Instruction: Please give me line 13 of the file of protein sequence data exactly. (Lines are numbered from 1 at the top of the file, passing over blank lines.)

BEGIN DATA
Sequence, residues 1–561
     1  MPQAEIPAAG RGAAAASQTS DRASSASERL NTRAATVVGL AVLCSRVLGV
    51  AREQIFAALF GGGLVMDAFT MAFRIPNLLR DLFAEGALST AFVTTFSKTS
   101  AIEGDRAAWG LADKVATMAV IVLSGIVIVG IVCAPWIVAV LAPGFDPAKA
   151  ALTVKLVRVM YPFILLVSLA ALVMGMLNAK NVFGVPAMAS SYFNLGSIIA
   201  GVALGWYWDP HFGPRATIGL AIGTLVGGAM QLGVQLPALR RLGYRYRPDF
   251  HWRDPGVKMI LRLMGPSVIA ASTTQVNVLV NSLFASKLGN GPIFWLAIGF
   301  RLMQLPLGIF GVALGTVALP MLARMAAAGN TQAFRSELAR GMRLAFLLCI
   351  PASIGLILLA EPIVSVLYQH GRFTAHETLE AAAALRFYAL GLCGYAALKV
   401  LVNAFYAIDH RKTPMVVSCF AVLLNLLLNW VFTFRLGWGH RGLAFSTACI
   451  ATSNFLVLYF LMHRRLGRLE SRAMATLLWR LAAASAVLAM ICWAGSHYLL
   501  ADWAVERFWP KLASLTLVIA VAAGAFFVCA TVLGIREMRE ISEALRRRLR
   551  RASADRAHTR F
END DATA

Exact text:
   551  RASADRAHTR F